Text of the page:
The new Grant Policy Guide explains in many sections that proposals will be rated on two standard merit review criteria and possibly on special criteria. The results of the review process are conveyed to proposers by program managers and through receipt of anonymous copies of individual reviews.
26. ... it would be more efficient and effective for NSF to provide adequate funding in the first place. To accomplish this, the average size and duration of grants would have to be significantly increased and the number of OPP awards decreased assuming no increase in OPP's budget. Clearly this trade-off requires careful thought on the part of OPP. (p. 5)
OPP agrees that proposal size and duration should increase, to the extent justified by the proposed project. An ideal scenario would be based on an OPP budget that allows increases in grant duration and amount and increases in the number of awards.
27. The ARCSS model should be considered for adoption by the Antarctic Section. Having said that, it is noted that within the Antarctic Section there have been successful multidisciplinary programs in Oceanography, Glaciology, and Atmospheric Sciences. (p. 6)
Conceptually this suggestion is interesting. However, at what point should the concretion terminate—with an "Earth System Science" (ESS) program that is not constrained by arbitrary political and geographic boundaries and thus includes both polar regions.
28. OPP program managers may want to encourage appropriate polar research groups to consider developing STC proposals for the next round of solicitations. (p. 16)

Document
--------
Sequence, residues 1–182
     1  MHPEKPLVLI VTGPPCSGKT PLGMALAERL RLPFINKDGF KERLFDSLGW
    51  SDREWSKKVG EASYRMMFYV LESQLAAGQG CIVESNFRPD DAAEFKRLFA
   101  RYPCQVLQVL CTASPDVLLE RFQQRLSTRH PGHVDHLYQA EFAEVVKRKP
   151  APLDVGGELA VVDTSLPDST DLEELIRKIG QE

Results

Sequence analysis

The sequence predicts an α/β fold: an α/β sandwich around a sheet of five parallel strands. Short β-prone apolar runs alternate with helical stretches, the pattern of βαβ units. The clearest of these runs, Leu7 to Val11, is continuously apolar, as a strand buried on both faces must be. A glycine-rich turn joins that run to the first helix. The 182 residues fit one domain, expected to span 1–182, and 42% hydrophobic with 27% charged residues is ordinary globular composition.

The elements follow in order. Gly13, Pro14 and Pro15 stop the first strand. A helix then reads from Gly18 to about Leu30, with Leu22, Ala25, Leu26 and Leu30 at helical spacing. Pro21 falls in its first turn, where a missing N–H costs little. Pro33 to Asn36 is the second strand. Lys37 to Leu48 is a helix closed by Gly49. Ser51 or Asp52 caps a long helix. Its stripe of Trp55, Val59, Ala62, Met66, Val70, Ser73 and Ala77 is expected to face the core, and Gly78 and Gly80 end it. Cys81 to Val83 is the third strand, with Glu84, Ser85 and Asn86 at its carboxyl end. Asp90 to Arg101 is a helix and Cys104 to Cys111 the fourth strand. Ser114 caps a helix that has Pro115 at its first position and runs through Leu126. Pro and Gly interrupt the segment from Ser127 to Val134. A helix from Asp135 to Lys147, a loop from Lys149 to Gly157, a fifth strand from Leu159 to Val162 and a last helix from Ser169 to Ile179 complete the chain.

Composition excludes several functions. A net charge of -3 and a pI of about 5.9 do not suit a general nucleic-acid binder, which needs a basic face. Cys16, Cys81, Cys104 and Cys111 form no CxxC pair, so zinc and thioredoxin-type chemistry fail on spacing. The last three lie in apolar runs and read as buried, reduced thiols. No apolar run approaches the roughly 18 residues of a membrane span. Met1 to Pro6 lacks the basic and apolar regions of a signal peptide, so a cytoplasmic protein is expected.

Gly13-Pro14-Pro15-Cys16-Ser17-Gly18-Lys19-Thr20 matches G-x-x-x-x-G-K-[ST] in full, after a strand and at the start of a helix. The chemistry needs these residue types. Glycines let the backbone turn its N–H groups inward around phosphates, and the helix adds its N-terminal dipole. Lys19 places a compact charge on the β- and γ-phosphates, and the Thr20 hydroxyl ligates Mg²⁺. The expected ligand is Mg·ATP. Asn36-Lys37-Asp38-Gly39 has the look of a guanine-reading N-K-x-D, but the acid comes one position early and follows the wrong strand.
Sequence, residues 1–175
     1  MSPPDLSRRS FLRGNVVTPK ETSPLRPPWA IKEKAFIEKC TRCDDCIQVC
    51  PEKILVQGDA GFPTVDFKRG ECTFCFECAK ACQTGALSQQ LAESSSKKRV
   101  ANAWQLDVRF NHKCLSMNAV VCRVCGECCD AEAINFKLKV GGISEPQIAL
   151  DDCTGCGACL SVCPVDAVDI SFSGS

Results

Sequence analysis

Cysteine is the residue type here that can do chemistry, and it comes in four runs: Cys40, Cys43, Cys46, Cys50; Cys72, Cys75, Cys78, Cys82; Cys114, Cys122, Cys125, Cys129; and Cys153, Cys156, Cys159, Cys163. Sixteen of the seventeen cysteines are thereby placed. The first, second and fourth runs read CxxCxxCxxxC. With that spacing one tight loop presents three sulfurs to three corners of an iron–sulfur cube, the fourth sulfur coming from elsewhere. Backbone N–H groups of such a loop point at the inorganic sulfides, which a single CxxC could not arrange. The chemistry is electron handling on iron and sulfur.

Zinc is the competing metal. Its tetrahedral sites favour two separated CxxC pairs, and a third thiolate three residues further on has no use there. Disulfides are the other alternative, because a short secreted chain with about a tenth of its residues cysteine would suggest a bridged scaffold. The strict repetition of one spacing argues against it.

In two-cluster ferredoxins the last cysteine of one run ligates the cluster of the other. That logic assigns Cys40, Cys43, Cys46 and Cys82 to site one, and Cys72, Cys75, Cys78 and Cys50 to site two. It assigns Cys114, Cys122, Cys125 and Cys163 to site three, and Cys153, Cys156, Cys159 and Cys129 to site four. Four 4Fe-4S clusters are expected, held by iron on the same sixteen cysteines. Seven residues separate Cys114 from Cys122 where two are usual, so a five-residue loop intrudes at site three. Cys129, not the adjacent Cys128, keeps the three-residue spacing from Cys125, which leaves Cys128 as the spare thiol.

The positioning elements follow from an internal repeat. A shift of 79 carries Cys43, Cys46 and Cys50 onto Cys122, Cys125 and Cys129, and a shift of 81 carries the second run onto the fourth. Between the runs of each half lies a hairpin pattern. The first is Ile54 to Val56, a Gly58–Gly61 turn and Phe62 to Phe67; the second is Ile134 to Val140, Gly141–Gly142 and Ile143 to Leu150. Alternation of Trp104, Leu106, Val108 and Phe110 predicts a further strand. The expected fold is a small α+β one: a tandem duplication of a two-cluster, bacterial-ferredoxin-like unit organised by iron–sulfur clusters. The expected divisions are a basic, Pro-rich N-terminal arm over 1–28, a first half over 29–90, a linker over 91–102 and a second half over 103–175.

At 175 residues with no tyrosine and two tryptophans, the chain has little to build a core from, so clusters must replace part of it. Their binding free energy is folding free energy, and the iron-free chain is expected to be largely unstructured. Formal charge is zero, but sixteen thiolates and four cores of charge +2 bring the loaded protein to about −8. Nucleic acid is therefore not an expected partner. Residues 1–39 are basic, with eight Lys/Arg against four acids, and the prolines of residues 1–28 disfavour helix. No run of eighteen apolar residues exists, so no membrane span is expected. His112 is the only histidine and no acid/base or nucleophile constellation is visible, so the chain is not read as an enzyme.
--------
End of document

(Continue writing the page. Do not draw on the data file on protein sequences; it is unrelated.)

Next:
Such encouragement may help broaden the pool of applicants, but the STC program is a well-established program that is already widely known among NSF science communities.
29. The COV suggests that it may be desirable to evaluate Science Management Offices' performance at appropriate intervals (project/theme dependent but at least every three years), particularly in the cases where SMO support is being renewed beyond the length of time for which it was initiated. (p. 18)
If the [ARCUS] renewal proposal is successful, the COV strongly supports continuing review of the annual operating budget by the program officer, and review of performance every three years by external reviewers. (p. 17)
Science Management Offices (including that of ARCUS) are utilized in the Arctic Section. They are primarily used by the Arctic System Science Program and the Long Term Observatory Program, but they can fulfill Arctic Section tasks as in the case of ARCUS. They are funded after a proposal is submitted and successfully reviewed by qualified members of the scientific community. To establish a new SMO, the proposal submitted to NSF must address the overall need for the SMO, the duties to be performed, the products that will result from the SMO's operation, and the costs for operating it. To renew an existing SMO, past performance is a critical part of the review. As with the typical NSF proposal review process, the comments by reviewers are shared with the PIs of the SMO proposal. For successful proposals, during the final negotiation and subsequently, the Program Managers interact directly with the P.I.(s) to make sure the goals are being fulfilled.The grant period is commonly three years, but this varies depending on the need. The program manager who handles the ARCUS award carefully reviews the annual operating budget.
30. ... the ANS portfolio is extraordinarily diverse and could benefit from broadened managerial expertise. (p. 18)
This statement is interpreted as a recommendation to add a third program manager to the Arctic Natural Sciences Program. The challenge of the multidisciplinary ANS is in balancing the disciplines it supports. This is currently handled successfully with two program managers who communicate well with each other and with program managers in other directorates. Adding a third program managercould increase the complexity of communication and tend to "carve" ANS into three separate programs and/or budgets. Adding another program manager probably would not be as desirable as hiring a science assistant.